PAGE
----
It seems like every week we hear in the news about a major medical breakthrough that could impact our health now or in the future.
But with celebrity doctors on TV and so-called health experts on the Internet, the constant stream of health information can be confusing and overwhelming, especially if it goes against long-standing medical recommendations.
If you hear something that raises questions about your own personal healthy decisions, or about a medical treatment for a family member if you’re a caregiver, then don’t hesitate to talk to your doctor, says Dr. Bret Ripley, chair of the family medicine department of Des Moines University.
Doctors have access to the latest health information, and they can help patients in making health decisions that best reflect their risk factors and medical history, Ripley says.
For example, a recent medical study gaining widespread attention is the differing recommendations for mammograms to detect breast cancer.
The U.S. Preventative Services Task Force now recommends that women can wait until age 50 to get a mammogram because the risk of false positives, and unnecessary biopsies and lumpectomies, is greater with women younger than 50 years old.
However, the American Cancer Society and several other health groups still recommend mammograms for women ages 40 and older for early detection.
“There are different ways to look at the data, and it gets difficult to decide,” Ripley says. “We look at your personal health risks; family history is the most easy to recognize.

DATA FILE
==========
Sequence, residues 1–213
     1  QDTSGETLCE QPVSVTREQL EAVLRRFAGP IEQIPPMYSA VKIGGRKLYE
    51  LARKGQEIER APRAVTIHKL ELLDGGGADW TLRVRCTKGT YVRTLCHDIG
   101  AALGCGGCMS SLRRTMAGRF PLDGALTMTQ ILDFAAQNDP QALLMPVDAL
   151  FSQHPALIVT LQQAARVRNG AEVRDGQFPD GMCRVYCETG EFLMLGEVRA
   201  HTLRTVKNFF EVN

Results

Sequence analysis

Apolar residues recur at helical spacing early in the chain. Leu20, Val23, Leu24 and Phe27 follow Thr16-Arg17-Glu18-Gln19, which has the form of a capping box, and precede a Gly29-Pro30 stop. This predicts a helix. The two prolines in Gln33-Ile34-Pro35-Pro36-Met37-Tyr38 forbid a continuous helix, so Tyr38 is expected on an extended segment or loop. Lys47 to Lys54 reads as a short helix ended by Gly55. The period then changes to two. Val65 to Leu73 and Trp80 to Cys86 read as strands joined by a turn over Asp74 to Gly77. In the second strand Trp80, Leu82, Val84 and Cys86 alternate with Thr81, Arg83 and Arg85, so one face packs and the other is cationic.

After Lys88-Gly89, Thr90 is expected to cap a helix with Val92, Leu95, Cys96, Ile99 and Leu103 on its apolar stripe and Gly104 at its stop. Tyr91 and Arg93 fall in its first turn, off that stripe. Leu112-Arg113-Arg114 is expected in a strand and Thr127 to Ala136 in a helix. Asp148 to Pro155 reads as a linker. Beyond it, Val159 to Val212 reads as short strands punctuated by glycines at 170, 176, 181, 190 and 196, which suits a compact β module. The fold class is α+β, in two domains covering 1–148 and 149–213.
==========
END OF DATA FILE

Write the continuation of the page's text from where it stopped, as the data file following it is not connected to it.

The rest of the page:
“Part of it comes down to your preference. I know when I discuss it with my patients, I ask them: ‘Would you rather not have a biopsy that was negative, or would you rather find a cancer early, even knowing that you might get five biopsies for one cancer?’”
Ripley says patients will often ask about a new drug they saw advertised on TV or a new therapy they read about on the Internet, but they don’t remember the name of the drug or where they saw the article.
That’s why Ripley recommends printing out the article or writing down the information, so your doctors can look it up if needed.
“The vast majority of my patients come in with good questions,” Ripley says. “Sometimes, patients come in with problems that they wouldn’t have normally told me about unless they saw it on TV; sleep apnea is a common one.
“I much prefer my patients giving me ideas and things to talk about than not being informed. I want my patients to know about their health, to know that exercise is a vital part of making almost everything better, and that a healthy diet is a vital thing, too.”